This article originally appeared in The Old Radio Times, June 2006.
Golden-Age radio dramatic programs, commonly referred to as old-time radio or OTR, were aired from roughly 1930 to 1960. Preserved and shared by a small number of enthusiasts over the past decades, OTR programs are now gaining a larger audience with the spread of digital technologies. At the same time they are finding their way into the classroom.
Audio drama can be a beneficial teaching tool with a wide variety of student populations. Like television today, old-time radio programs were aimed at different audiences, from the very young to the adult. With this range in program content, OTR can be effectively used with all ages in the classroom. Similarly, whether listening to original programs, reading old scripts, or creating new audio plays, activities can be adapted and used across the teaching spectrum.
Non-native English speakers: Old-time radio can be used with both native and non-native English speakers. Richard Schmauss teaches English to Japanese students. Using a basic audio-editing program on his computer he has strung together clips from Yours Truly, Johnny Dollar, a show about a private insurance investigator. After students have listened to the clips, Richard asks questions similar to those found in the Test of English for International Communications. He reports “astonishing success” and hopes to automate the process by creating interactive multi-media web pages.
Shy/Physically Disabled students: Recreating OTR broadcasts or writing new audio plays can be an effective adaptation of a more traditional dramatic activity. For students uncomfortable performing in front of their peers, possibly due to a bashful personality or a physical disability, an audio-only performance can be liberating. While an audio play is performed classmates can (and should) focus their visual attention elsewhere. The listeners can work on an art project or complete a writing based on the performance. This keeps their visual attention off the actors, thus lessening performance anxiety.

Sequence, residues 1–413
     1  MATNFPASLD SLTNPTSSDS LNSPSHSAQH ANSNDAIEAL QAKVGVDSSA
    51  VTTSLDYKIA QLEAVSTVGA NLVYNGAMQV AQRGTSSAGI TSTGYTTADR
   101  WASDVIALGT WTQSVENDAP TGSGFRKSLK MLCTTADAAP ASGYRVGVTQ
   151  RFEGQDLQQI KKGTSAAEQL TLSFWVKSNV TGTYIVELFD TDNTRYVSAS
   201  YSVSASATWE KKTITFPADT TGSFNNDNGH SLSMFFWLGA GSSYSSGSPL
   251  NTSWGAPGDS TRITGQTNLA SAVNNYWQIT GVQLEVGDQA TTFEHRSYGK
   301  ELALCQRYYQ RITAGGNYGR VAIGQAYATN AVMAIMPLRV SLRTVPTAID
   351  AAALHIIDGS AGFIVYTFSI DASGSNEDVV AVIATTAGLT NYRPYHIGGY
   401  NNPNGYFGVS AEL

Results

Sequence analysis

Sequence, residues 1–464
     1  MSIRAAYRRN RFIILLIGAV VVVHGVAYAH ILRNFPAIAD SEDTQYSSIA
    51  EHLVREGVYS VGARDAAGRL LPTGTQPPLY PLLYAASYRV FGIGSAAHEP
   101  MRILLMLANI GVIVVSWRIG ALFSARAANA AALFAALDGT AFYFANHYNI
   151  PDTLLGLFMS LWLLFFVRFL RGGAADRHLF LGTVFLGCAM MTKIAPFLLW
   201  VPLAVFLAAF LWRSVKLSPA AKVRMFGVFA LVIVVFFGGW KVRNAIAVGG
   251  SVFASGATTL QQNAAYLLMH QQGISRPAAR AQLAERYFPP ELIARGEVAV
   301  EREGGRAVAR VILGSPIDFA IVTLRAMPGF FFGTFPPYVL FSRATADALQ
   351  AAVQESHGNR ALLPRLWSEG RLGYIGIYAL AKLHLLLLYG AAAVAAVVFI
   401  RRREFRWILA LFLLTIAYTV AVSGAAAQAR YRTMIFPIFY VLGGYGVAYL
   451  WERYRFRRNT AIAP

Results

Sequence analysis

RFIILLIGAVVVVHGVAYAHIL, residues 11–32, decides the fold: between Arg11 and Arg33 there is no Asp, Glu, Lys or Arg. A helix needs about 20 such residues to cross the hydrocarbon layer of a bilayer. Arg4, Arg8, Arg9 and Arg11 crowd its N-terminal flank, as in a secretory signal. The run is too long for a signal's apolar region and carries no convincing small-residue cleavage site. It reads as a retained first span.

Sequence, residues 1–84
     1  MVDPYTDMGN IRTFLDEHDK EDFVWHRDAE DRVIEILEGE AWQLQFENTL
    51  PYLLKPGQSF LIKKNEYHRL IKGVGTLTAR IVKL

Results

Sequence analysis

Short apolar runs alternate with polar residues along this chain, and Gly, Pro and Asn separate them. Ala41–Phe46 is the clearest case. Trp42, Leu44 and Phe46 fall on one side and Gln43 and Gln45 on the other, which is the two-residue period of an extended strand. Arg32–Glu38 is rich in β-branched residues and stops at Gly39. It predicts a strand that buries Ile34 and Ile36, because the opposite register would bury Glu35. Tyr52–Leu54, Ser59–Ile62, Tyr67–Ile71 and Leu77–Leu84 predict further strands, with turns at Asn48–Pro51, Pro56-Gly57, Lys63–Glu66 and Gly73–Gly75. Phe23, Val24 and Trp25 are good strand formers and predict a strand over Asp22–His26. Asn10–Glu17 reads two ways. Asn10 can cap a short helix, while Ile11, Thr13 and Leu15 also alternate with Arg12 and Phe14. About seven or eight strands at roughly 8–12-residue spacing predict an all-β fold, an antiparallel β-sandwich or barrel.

Hyperactive Students: Audio-only plays can be an ideal task for hyperactive students who have difficulty maintaining control in a full- action dramatic activity. With most of the acting done via vocal inflection, physical action is minimal. The nature of an audio play provides boundaries for students who are prone to struggle with self-control during performance-based activities.
A good OTR-style performance relies heavily on sound effects to make up for the lack of visual clues and description. The same over-active students mentioned above can find an outlet for their energies in discovering sounds that can be used as effects for the play. It is also an ideal platform for those students who have an uncanny talent at creating novel, and often disruptive, noises. Within the confines of the script being performed, what is usually an irritant (often leading to a reprimand or worse) now becomes a legitimate, even crucial, part of a learning activity. These sound effects are necessary if an audio play is not to be confusing to the listener or dull because of excessive narration. A student waving a sheet of tin foil to create thunder creates much more drama than an actor announcing that a thunderstorm is occurring in the story.